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Physicist here. It's roughly right, but it's kind of the picture we had 50 years ago. 50 years ago, dark matter and modified gravity were both reasonably equally good hypothesis. Then we got a treasure trove of astrophysical, galactic, and cosmological data from nearly a hundred distinct experiments.

The results of _all_ of these experiments do not fit with the naive theory. And they each can be fit perfectly by adding in dark matter. But that's not important; the crucial point is that all of them can be _simultaneously_ fit perfectly by adding in the _same_ amount of dark matter. That's practically the definition of what a good scientific theory should do. Put in a single parameter and explain a hundred observed results.

Meanwhile, modified gravity theories have fared extremely poorly -- they were originally designed specifically to fit galaxy rotation curves, and accordingly it is very difficult to massage them into fitting anything else. Usually if you get the rotation curves right, the astrophysics and cosmology come out disastrously wrong. You could probably get it right if you added a pile of ad hoc parameters, but that would be bad science.

Unfortunately every discussion of this subject ever just hyperfocuses on the nearly 100 year old galaxy rotation curve observations... probably because it's easy to understand.

> Is there any prediction that would prove the existence of dark matter?

If dark matter interacts in a non-gravitational way, and is present near the Earth, then the smoking gun would be directly detecting it in an terrestrial experiment. (People also work on indirect detection, by looking at possible products of its decay or annihilation elsewhere in the galaxy, but this is less definite because such products could be made by something else.) Of course in all these cases, the specific kinds of predictions depend on what you think dark matter is made of. Unfortunately, its good scientific properties (i.e. fitting a lot of data with remarkably little input) also mean that we have very little to go on here. Practically any kind of new "stuff" that interacts weakly electromagnetically could work.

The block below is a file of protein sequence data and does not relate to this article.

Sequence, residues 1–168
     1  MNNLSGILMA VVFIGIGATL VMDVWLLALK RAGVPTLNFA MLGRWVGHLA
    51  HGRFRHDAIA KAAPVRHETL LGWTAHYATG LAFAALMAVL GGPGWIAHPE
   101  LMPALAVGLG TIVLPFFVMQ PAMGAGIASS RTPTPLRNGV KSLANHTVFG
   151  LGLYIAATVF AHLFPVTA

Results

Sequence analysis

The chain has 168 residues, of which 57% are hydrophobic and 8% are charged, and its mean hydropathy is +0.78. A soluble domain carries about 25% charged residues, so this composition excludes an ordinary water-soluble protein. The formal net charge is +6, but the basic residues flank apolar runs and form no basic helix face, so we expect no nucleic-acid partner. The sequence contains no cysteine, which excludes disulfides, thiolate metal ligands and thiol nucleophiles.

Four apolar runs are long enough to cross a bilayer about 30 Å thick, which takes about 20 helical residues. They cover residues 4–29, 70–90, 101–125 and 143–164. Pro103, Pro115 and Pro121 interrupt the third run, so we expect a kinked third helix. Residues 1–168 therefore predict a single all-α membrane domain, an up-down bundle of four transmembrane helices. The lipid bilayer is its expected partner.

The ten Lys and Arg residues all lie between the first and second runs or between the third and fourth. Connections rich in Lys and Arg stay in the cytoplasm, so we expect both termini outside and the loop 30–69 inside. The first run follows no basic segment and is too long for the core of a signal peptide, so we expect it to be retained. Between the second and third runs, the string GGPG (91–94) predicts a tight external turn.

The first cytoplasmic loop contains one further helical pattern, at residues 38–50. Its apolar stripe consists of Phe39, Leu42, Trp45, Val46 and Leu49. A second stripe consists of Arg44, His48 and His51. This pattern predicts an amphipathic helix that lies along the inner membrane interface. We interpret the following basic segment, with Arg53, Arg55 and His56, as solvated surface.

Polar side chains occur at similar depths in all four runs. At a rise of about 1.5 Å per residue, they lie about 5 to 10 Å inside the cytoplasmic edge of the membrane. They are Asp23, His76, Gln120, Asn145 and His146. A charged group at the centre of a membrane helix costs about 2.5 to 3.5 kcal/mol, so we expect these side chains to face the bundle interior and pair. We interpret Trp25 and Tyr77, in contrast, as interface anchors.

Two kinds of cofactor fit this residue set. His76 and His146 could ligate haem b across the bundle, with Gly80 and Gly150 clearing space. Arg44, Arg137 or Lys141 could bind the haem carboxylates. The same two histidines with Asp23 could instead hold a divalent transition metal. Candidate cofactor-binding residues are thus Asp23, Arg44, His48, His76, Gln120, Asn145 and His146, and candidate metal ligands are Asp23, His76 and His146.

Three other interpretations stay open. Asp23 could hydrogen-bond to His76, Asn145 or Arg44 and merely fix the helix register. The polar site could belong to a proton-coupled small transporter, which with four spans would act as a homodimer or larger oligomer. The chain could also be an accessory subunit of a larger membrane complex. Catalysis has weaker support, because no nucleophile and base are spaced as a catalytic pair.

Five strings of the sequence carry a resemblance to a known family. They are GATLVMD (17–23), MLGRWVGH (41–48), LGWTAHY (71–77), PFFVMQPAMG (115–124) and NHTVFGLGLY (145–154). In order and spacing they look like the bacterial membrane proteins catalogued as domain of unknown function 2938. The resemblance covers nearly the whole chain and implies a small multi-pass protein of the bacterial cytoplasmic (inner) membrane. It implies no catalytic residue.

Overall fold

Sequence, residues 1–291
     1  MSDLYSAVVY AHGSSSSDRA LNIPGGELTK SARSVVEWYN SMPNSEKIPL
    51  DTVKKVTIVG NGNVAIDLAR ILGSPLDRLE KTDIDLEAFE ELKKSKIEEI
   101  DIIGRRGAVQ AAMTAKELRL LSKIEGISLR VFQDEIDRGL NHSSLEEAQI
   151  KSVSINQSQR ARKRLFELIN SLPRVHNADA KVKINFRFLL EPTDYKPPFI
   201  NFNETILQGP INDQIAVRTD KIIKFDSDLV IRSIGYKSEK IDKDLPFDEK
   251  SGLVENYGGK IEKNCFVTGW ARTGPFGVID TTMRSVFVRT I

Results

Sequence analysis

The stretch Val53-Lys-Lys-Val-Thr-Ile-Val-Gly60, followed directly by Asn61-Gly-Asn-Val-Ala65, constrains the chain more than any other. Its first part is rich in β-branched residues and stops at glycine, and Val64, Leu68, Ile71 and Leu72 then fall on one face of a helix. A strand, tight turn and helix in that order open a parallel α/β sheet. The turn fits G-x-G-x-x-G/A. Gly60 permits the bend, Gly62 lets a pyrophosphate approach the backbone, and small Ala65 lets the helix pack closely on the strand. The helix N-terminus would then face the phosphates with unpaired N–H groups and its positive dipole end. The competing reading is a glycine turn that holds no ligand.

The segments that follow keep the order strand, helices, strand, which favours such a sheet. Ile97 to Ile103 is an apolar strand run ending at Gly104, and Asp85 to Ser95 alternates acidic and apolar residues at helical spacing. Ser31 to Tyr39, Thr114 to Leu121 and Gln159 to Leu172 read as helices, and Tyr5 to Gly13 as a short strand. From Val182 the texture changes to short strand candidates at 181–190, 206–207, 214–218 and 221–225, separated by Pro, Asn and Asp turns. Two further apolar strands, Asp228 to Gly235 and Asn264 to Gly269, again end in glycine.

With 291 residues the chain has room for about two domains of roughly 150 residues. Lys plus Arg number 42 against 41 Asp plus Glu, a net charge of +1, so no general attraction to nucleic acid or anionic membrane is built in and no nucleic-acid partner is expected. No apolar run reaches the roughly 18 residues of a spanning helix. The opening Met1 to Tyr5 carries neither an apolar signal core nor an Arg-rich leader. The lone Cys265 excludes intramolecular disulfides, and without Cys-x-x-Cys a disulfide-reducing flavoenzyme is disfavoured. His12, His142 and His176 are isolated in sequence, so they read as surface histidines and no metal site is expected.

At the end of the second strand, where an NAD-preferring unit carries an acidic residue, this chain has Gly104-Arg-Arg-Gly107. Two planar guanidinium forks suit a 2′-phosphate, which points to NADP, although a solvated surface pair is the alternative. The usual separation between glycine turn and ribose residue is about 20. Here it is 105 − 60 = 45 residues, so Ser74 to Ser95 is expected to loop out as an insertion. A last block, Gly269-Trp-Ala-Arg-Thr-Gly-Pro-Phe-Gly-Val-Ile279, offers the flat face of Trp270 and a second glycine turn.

Also a physicist here, this is correct. Some details for anyone interested https://arxiv.org/pdf/1006.2483.pdf


Sabine Hossenfelder seems to think dark matter has quite a lot more problems than is usually presented

http://backreaction.blogspot.com/2018/10/dark-matter-or-what...


Sorry for a tangent. But I must say I'm a fan of your answers on physics SE.

It's a great resource for people with basic undestanding of fundamental physics and some experience with math, along with John Rennie's

Nice to see you here. Keep up great job popularizing scince on a bit higher level. Kudos.


What is Physics SE? I really liked knzhou's explanation and would like to know where else answers like these are posted



Physics Stack Exchange: physics.stackexchange.com


> The results of _all_ of these experiments do not fit with the naive theory. And they each can be fit perfectly by adding in dark matter. But that's not important; the crucial point is that all of them can be _simultaneously_ fit perfectly by adding in the _same_ amount of dark matter. That's practically the definition of what a good scientific theory should do. Put in a single parameter and explain a hundred observed results.

Slightly off-topic, but can I ask if dark energy has anything like this going for it?


>But that's not important; the crucial point is that all of them can be _simultaneously_ fit perfectly by adding in the _same_ amount of dark matter.

Is that true? There are claims of galaxies with no dark matter, or tons of dark matter. It seems like dark matter is a parameterized value with lots of local anisotropy across the universe.